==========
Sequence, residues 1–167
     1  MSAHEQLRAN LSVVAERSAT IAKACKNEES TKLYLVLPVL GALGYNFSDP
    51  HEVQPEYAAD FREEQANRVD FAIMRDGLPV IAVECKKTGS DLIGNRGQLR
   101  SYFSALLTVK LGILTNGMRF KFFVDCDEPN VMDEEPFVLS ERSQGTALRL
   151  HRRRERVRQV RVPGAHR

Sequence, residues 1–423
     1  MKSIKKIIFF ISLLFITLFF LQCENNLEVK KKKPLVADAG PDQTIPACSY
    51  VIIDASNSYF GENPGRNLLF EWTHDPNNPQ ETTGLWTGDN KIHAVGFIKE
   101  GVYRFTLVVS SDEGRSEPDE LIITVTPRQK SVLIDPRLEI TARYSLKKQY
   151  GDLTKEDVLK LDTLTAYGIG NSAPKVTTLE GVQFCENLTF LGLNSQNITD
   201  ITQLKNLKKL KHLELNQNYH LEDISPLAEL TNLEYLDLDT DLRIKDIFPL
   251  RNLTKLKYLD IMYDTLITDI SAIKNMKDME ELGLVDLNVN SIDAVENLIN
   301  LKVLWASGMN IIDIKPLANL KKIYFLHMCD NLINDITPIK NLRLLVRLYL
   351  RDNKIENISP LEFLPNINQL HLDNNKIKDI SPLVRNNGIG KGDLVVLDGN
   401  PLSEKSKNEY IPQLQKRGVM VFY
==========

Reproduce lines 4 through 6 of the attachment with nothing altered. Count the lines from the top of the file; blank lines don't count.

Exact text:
   101  SYFSALLTVK LGILTNGMRF KFFVDCDEPN VMDEEPFVLS ERSQGTALRL
   151  HRRRERVRQV RVPGAHR

Sequence, residues 1–423